I haven't had a decent night's sleep in over a week. Everything was fine until Trent Ward caught me in the midst of my latest video game addiction, and now I can't play Buster Bros. Collection at work anymore. Therefore I'm forced to limit my use to off-hours, and this scenario has had me up all night, popping bubbles until Mr. Sleepy dopes me up and drags me away to Dreamland.
For those of you unfamiliar with my drug of choice, the original Buster Bros. put you in the shoes of a man armed with a harpoon gun. You, as this crazy little pith helmet-wearing guy, have to pop a collection of huge bubbles within a certain time limit. The levels start out with just you and the bubbles, but later levels add platforms, ladders, and animals that impede your progress. Super Buster Bros. expands slightly on the theme and adds a panic mode, which, like a game of Tetris, doesn't end until you blow it. The third installment, entitled Buster Buddies, features four different characters, each with a different weapon. The graphics have also been updated; each character is rendered Donkey Kong Country-style, and the backgrounds are famous works of art.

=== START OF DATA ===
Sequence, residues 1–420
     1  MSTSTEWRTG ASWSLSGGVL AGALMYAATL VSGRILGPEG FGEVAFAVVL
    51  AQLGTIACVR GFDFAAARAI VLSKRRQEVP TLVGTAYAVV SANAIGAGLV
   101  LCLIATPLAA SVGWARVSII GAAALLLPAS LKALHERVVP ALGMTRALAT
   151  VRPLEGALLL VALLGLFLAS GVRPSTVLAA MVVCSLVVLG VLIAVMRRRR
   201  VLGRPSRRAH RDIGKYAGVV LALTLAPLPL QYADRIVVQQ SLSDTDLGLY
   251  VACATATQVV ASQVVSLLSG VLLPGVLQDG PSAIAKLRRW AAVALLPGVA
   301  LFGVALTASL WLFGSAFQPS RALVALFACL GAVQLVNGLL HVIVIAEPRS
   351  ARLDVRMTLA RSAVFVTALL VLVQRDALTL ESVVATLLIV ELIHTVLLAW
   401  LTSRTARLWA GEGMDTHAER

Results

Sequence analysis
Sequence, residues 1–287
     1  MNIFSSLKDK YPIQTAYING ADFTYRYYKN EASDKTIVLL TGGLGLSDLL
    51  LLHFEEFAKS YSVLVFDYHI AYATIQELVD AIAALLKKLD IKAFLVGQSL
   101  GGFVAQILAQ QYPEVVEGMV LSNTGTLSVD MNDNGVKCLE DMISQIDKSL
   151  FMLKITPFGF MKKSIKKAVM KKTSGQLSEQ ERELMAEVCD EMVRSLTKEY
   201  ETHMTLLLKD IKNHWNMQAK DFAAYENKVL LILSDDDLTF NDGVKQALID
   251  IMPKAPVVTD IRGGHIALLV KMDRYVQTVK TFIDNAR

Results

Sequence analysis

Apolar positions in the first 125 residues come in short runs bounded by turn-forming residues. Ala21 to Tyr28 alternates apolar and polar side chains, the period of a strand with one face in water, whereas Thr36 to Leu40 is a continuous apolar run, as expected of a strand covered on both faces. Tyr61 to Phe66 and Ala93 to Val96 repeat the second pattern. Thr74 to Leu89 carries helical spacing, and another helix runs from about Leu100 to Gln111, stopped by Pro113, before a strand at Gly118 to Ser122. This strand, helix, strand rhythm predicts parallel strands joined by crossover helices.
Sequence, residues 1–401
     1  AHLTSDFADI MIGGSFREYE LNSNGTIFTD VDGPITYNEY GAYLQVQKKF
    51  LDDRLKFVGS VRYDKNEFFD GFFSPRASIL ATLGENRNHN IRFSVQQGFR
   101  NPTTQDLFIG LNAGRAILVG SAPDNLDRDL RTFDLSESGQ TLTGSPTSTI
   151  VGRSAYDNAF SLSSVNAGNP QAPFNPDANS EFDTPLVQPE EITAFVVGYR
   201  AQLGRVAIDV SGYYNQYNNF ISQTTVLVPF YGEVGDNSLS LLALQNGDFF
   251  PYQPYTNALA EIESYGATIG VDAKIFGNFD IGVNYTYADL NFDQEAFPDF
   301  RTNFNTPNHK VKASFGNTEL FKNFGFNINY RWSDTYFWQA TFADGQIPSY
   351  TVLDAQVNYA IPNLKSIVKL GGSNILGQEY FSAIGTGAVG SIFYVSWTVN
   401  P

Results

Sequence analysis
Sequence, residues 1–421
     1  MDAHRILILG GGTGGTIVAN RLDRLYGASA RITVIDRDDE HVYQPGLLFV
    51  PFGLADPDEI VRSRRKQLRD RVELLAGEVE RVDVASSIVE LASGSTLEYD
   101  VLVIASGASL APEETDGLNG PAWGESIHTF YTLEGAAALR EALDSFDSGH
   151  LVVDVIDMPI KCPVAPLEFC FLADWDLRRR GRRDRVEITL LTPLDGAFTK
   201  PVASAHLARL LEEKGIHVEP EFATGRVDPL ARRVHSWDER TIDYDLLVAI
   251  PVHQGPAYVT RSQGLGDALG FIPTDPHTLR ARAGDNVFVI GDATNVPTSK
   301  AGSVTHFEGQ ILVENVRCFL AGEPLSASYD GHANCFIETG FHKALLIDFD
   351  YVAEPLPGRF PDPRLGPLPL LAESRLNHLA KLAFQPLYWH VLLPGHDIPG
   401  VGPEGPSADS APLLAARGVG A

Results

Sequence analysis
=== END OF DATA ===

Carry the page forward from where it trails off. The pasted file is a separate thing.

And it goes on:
The gameplay in Buster Bros. Collection is astounding. I was heavily into Super Buster Bros. when it came out on the SNES, and I thought I had broken my habit, but this collection caused a major relapse. Sometimes I sneak away in the middle of meetings just to pop a few bubbles. People think I'm crazy, and I'm starting to think they're right - I need help.
This may be the last review you see from me for awhile; I'm planning on faking a death in the family so I can spend some time mastering Panic Mode. If you think you can handle it, the Buster Bros. Collection is a perfect example of a classic game that still has a lot to offer gamers today. It may not have the flashiest graphics or the best sound effects, but the hardcore action of Buster Bros. Collection more than makes up for these minute problems.